Visible for a Change at the Lyman Common Room is an exhibit of lesbian art, or rather slides of 160 pieces of art. Although the works compiled are thought-provoking, the slide-show format undermines the exhibit's potential. As a result, the varied and rich collection of often ignored work is encased within an unsatisfying and frustrating show.
One cannot appreciate the works when bombarded with them in rapid succession. More importantly, the slide format diminishes the potency of the individual pieces. Slides communicate no sense of a work's scale, texture or dimensions. The work itself and the effort to display such a wide variety of lesbian artists is commendable but the pieces deserve more consideration than the slide format allows.
Collected on the basis of common sexual orientation, the pieces share little else. The works displayed range in medium from sculpture to painting, weaving to photography, presenting more than 90 women artists. While the majority highlight women and relations between them, there are also landscapes, abstract sculptures and documentary pieces, to name a few.
Women are the only subjects in the portrait genre. Significant settings or texts often emphasize their traits or potential. In contrast to the tradition of their genre, these portraits possess political relevance. In refusing to depict women as sexual commodities, the works stand in marked contrast to prevailing media imagery.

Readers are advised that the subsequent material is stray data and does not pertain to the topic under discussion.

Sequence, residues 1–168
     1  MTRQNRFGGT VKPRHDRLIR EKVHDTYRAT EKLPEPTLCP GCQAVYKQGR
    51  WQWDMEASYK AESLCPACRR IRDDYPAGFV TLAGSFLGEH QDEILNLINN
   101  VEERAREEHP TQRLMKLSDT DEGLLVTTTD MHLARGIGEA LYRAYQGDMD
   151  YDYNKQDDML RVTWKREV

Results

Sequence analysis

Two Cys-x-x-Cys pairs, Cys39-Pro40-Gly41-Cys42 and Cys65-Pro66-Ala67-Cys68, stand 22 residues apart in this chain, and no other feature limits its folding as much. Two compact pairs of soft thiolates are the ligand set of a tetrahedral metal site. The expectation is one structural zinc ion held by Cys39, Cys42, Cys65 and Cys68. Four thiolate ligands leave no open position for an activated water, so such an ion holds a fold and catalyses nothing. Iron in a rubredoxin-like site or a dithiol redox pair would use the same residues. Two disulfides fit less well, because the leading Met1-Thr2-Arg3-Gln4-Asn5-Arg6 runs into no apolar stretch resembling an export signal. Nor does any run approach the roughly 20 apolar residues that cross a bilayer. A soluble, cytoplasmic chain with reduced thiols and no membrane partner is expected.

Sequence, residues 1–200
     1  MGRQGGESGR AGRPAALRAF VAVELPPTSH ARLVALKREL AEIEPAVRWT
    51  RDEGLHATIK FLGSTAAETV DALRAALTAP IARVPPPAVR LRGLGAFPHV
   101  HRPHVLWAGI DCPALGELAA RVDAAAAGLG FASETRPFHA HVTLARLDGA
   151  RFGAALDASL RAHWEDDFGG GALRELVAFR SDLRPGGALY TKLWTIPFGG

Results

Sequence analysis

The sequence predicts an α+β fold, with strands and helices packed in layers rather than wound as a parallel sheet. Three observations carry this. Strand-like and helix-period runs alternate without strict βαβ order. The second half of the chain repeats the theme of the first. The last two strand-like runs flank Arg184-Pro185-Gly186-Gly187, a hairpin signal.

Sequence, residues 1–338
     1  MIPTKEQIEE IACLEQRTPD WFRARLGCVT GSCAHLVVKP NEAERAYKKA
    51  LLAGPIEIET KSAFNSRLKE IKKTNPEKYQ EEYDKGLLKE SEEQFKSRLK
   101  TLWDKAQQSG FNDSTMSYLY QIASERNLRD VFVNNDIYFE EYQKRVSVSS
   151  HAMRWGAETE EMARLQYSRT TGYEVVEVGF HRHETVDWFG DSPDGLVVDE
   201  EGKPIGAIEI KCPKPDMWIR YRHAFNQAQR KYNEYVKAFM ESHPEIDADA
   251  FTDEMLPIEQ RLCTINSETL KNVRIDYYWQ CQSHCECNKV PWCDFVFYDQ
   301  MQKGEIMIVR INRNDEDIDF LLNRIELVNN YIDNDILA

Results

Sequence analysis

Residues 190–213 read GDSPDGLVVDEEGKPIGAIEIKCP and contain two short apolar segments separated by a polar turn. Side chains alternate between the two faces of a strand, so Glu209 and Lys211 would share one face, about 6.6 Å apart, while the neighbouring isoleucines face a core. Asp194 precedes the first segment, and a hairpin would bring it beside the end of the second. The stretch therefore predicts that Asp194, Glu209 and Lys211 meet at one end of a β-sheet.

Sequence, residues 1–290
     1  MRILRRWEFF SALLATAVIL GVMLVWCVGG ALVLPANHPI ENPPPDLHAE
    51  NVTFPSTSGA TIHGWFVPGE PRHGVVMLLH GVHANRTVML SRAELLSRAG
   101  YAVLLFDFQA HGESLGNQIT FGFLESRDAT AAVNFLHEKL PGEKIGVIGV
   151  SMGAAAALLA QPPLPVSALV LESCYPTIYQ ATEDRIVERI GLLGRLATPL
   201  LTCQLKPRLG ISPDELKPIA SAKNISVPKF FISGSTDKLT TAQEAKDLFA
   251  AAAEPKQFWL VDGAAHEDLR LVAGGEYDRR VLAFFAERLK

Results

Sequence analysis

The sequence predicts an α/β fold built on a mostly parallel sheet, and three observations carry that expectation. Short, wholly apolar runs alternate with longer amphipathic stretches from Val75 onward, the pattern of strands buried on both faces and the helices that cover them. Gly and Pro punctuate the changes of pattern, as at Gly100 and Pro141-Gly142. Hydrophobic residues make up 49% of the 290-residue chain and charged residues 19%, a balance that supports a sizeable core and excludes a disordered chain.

A particularly worthy example is the photographs by Laura Aguilar from the Latina Lesbian Series. The stark straight-forward shots of women are contextualized by scrawled self-descriptions by the subject. These images and their accompanying text celebrate the achievements and strength of the women they depict.
Althoughs the portraits display the particular perspective of women artists, the landscapes of nature scenes could be painted by artists of any social group. One piece of this sort is Christina Schlesinger's The Long Good-Bye, representing two moon lit trees at the edge of a body of water. The painting is harmonious and powerful in its use of color, with heavy layers of contrasting blue, yellow and green, creating a disturbing night time scenery.
Among these several pieces are a group of photographs which document protests scenes. These pictures more than anything else in the exhibit put the artwork within the political realm. As these pictures flash between sculptures and prints we are reminded that this is an exhibit of lesbian art, highlighting a particular marginalized group's means of expression.
Overall the show lacks cohesiveness. Nothing unites the pieces besides the common gender and sexual orientation of the artists. And the difficulties incurred by the mode of presentation--the jarring switch from one set of slides to another--heighten this disjunctive impression. It is a shame that these compelling pieces must be viewed through the lens and with the timing of a slide projector.